Looking Back at Tuesday’s Primaries

Rick Santorum Wins Again

 “Why don’t y’all people like me? I said I love ‘cheesy grits’, catfish and hushed puppies. What more do you want from me? Want me to drink a Coca-Cola? Bring it on. I’ll drink coffee if that’s what it’ll take to get your votes. I’ll learn how to hunt and kill ‘dem dere varmints you people love so much. Heck, I’ll even hate black people if that’ll help. Just tell me what you want me to be and dadgumit, I’ll either become it or go out and buy it. ”

Live    Results Mitt Romney Rick Santorum Newt Gingrich Ron Paul
Alabama Primary 98.3% reporting 29.0% 34.5% 29.3% 5.0%
Mississippi Primary 99.3% reporting 30.3% 32.9% 31.3% 4.4%
Hawaii Caucus 33.3% reporting 32.6% 28.3% 15.7% 23.4%

If nothing else, Tuesday night served to reinforce the growing belief that much like Hillary Clinton on the Democratic side in 2008, Mitt Romney’s “inevitability” has taken yet another hit. The latest signs occurred in a region, the Deep South, where his vast wealth and the accompanying sense that he simply can’t identify with average Americans, moderate past and Mormon religion are liabilities that simply can’t be overcome. Yes, he and his people have studied the 2008 Obama campaign strategy of focusing on strategic states that can be won and the all-important delegate count. Unfortunately, Romney doesn’t have a natural base such as African-Americans who gave Obama crucial wins in states like South Carolina, to fall back on when the going gets tough.

Even more telling for Romney is the fact that he’s losing to a candidate, Rick Santorum, that many just don’t believe can win the general election against Barack Obama. A candidate, who based on many of his statements and proposed policies, seems to have a desire to impose an extremely conservative Christian theocracy upon the country. It was one thing for Hillary Clinton to eventually lose to Barack Obama, another for Romney to be losing to one of the gloomiest, anti-women, looniest candidates the GOP has seen in decades.

Furthermore, something that the mainstream media seems to ignore at best and run away from at worst, is the glaring fact that based on the turnout at their events, no matter where they occur in the country, Republicans seem to be running for the presidency of “White America.” We all know that African-Americans, by and large, vote Democratic and that’s not going to change significantly anytime soon, and surely not as long as Barack Obama is a candidate. But, after making significant inroads with Hispanic and Asian voters under George W. Bush, the party’s strident attitude towards undocumented immigrants along with decidedly anti-gay and women’s rights messages and an increasing call for supporting any Israeli led attacks on Iran, the party looks and seems virtually all-white and evangelically Christian at a time when American society is more racially and culturally diverse than ever before.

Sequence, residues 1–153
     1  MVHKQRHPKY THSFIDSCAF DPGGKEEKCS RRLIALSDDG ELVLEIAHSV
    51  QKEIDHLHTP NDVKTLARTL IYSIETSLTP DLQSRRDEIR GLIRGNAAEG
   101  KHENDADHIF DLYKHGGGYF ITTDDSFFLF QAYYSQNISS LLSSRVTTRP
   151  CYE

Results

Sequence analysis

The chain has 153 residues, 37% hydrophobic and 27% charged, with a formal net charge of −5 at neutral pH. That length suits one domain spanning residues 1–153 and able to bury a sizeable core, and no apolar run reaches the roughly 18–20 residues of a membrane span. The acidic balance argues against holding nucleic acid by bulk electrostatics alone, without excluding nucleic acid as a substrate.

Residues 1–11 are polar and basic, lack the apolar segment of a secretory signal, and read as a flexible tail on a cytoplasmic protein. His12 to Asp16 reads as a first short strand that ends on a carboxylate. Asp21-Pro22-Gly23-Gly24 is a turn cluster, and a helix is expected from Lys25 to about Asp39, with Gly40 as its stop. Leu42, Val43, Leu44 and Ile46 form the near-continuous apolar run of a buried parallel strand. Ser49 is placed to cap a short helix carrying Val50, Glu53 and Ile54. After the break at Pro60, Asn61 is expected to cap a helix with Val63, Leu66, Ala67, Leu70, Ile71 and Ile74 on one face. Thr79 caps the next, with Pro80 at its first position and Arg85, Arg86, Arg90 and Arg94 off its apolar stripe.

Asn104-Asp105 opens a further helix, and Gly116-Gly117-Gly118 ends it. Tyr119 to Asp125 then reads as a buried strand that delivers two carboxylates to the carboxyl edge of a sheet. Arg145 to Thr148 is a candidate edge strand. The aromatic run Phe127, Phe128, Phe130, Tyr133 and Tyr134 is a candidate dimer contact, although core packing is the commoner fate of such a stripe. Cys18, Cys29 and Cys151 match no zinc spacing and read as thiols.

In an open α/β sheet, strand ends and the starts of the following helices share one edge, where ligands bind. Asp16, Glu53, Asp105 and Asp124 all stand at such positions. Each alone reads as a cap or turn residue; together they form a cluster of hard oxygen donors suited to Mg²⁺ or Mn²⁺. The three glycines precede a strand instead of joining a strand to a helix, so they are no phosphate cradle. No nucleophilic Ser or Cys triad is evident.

While it makes for great Internet conversation and provides fodder for the political media, the very idea of a “brokered” convention is the last thing the Republican Party’s powers-that-be want or even think about. Such a spectacle, broadcast on network and cable television, blogged and tweeted about incessantly, is the absolute last thing any party, particularly one going against an incumbent president, wants or needs.

The one thing that Romney was counting on at the start of the campaign was the sense that, based on his constant network building and campaigning since 2008 on his track record as an uber-successful businessman, he was the only candidate with even the hint of a chance of defeating President Obama. This was at the core of the aura of inevitability that he and his supporters tried to convey to the American people and media. That aura is now not only gone, it’s been shattered into a thousand pieces.

I’ve been writing for months now that Mitt Romney’s biggest weakness isn’t his record as governor of Massachusetts, but his reluctance to run on it. When, and if he ever does, stops pandering to the right-wing of his party, embraces his true personality and runs on his accomplishments in office, not only will he offer voters a clearer contrast between he and the rest of the Republican field, he’ll become a much better candidate.

“To thine own self be true.”


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